State Quotas?

Discussion in 'Merchant Marine Academy - USMMA' started by Bill1899, Sep 10, 2012.

  1. Bill1899

    Bill1899 Member

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    I attended a service academy college fair this weekend and the KP representative had a printout that showed my state was currently 1 over on its allotment of students but 6 were scheduled to graduate this coming spring. Can anyone explain what that means for applicants to the Class of 2017.

    Thank You.
     
  2. Kram1

    Kram1 Member

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    What state are you from?
     
  3. WESKI

    WESKI Member

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    It means that if everyone from your state is graduating, they will be admitting at least one to the incoming class so they have someone from each state. It's good to be from ND or WY rather than NY.
     
  4. KP2013dramamama

    KP2013dramamama Member

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    There are no state quotas other than replacing the opening/s from the graduating class. Admissions makes the final decisions.
     
  5. Luigi59

    Luigi59 Banned

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    Explain your response, as that is not what Federal Law states.

    Federal Law mandates that USMMA selects appointees in proportion to their representation in Congress.

    Code:
    Table 2. Distribution of Seats Available for Congressional Nomination to the United States Merchant Marine Academy, by State
    
    State Seats State Seats State Seats
    Alabama 4 Kentucky 2 Ohio 8
    Alaska 1 Louisiana 4 Oklahoma 2
    American Samoa 1 Maine 2 Oregon 3
    Arizona 3 Maryland 5 Pennsylvania 10
    Arkansas 2 Massachusetts 5 Puerto Rico 1
    California 19 Michigan 7 Rhode Island 2
    Colorado 4 Minnesota 3 South Carolina 4
    Connecticut 4 Mississippi 3 South Dakota 1
    Delaware 1 Missouri 3 Tennessee 4
    District of Columbia 4 Montana 2 Texas 13
    Florida 10 Nebraska 2 Utah 2
    Georgia 5 Nevada 2 Vermont 1
    Guam 1 New Hampshire 2 U.S. Virgin Islands 1
    Hawaii 2 New Jersey 6 Virginia 5
    Idaho 2 New Mexico 2 Washington 5
    Illinois 9 New York 15 West Virginia 2
    Indiana 3 North Carolina 6 Wisconsin 4
    Iowa 4 North Dakota 1 Wyoming 1
    Kansas 3 Northern Mariana Islands 1
    Source: 46 U.S.C. 51302 46 CFR 310.53.

    :cool:
     
  6. AMF

    AMF Member

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    In short, the number of nominees accurately represents the states based on population. A state with congressional seats, can send 150 nominees, a state with 4 seats sends 40. The school is not required to accept on this basis, but only on the basis of merit. It would seem to make sense that "on average", over time, all states are fairly represented based on the number of congressional districts.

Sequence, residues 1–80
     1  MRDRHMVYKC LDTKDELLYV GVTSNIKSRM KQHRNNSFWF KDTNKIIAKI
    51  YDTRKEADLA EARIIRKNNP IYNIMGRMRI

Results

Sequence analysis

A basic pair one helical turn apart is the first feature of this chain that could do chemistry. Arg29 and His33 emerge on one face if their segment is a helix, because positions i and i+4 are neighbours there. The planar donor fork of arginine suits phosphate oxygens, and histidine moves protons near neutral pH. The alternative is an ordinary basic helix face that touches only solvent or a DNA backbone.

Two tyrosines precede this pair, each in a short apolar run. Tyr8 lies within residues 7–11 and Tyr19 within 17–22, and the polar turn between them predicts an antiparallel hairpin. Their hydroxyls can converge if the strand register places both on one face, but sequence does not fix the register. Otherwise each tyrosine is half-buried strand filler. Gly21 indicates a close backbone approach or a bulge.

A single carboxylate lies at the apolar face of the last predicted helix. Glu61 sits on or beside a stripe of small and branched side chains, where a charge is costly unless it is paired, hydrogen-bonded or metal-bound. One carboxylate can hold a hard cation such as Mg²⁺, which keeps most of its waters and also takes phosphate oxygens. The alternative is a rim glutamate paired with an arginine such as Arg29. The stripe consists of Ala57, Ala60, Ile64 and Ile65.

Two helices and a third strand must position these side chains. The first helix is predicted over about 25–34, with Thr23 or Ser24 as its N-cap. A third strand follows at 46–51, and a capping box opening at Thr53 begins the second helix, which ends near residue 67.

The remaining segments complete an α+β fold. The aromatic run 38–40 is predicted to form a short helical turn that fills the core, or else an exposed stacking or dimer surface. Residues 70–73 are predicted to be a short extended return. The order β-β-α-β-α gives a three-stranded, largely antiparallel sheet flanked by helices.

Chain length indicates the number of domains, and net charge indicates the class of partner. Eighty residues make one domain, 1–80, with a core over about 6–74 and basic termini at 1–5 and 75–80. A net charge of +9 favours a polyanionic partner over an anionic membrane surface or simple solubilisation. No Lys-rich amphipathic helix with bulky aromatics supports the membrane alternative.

The real "secret" of the admissions process is not likely to ever be revealed, as is the case with most colleges.
     
  7. Luigi59

    Luigi59 Banned

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    That's not what the law says. It says "appointments (not nominations) shall be made in proportion to the state's representation in Congress.

    Yes, each MOC gets to nominate 10 each year and a candidate can apply to every MOC in his state (the boundary being the state not the district).

    Only after they have appointed in that proportion can they appoint from the national list (by merit) regardless of geography,
     
  8. AMF

    AMF Member

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    There is no law. It is only a policy/guideline.
     
  9. bruno

    bruno Retired Staff Member

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    I don't think that's exactly true. The law (46 C.F.R. § 310.53(b), appears fairly specific as to how appointments are to be offered. But if you read the findings of a lawsuit on this subject filed by 4 applicants from Wisconsin that was rejected in the Fed Dist Court on Long Island - the judge found that the method of offering appointments to alernates from the merit list is ambiguous in the law and has left it to the DoT to interpret and execute in filling the class. In short- while they are directed to make intial offers of appointment in proportion to the relative size of the states, they have the latitude once those offers have been made (and rejected) to fill remaining positions from a National order of Merit

    http://www.dot.gov/ost/ogc/Domine.pdf
     
  10. AMF

    AMF Member

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    Thats kinda what I meant. IE a law, with no real teeth
     
  11. MechEngi2B

    MechEngi2B Member

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    What if you are attending and residing at a college that is not in your home state? What determines your state of residency?
     
  12. cmakin

    cmakin Member

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    I would guess it would be the one that you would be voting in.
     
  13. AMF

    AMF Member

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    That is based on tax returns. If you are still a dependent who's "home" is with your mom and dad, then that is your home state, and the place from where you would seek MOC Nomination. I'd not worry so much about which state you are from and getting appointed based on quota. That is something you cannot impact, or ever get god visibility of. Kick butt on your GPA, essay and LOR, and good luck
     

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